Home insurance, or even homeowners insurance, is an insurance policy that combines insurance on the home, its contents, loss of the use of the home (additional living expenses) and, typically, the more individual possessions of the homeowner, as well as liability insurance for accidents that can transpire at the home.
The cost of homeowners insurance scales upward depending on what it would cost to replenish the home, and which extra "riders", meaning extra items to be insured, are bound to the policy. The insurance policy itself is a long contract, and list what will and what will not be paid in the case of various cases.
Virtually all insurers charge less if it appears less likely the home will be damaged or even destroyed: as an example, if the home is situated next to a fire station, or even if the home is equipped with fire sprinklers and fire alarms.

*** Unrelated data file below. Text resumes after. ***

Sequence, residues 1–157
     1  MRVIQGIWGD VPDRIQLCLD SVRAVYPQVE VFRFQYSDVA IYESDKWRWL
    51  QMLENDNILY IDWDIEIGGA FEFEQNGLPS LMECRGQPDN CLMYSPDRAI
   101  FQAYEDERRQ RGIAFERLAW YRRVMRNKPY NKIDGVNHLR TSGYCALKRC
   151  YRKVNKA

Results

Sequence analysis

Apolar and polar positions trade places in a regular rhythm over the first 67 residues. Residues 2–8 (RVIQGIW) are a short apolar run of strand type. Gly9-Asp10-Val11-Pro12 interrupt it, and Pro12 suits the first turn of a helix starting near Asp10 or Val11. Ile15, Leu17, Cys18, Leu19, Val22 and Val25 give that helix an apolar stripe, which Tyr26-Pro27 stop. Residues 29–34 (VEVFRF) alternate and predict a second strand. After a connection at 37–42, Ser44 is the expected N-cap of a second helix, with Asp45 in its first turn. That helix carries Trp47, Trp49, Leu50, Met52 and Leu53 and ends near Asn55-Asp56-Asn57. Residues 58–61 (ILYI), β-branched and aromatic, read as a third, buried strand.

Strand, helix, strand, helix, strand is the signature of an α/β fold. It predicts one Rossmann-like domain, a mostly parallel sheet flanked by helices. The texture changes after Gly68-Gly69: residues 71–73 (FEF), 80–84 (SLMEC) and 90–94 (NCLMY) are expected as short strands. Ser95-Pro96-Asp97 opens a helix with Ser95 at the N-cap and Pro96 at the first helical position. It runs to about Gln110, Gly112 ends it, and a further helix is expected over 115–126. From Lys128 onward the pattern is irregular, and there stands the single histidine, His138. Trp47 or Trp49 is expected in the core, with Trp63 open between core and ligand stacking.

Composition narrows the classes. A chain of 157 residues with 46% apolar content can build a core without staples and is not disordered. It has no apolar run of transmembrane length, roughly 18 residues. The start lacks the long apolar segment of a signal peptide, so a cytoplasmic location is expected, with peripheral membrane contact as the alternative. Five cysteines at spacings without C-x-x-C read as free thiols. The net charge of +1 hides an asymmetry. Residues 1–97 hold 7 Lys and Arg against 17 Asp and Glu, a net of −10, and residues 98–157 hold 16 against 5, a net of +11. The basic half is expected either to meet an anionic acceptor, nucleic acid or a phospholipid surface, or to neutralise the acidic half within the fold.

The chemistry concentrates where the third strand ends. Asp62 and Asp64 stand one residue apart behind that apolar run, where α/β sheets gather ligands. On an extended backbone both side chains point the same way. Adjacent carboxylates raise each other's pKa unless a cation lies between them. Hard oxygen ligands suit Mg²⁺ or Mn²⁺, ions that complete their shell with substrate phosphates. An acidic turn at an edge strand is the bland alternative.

Often, claims aren't paid because of earthquakes, floods, "Acts of God", or even war (whose definition occasionally includes a nuclear explosion from any source). Some kind of special insurance can be purchased for these possibilities.
In the United States, virtually all home buyers borrow money in the form of a mortgage, and the mortgage lender always requires that the buyer acquire homeowners insurance as a condition of the loan, consecutively to protect the bank if the home were to be destroyed. Anyone with an insurable interest in the property should be listed on the policy.
Copyright 2005 Fern Kuhn, RN
Specializing in Diabetes
You may reprint this article as long as you keep the links active.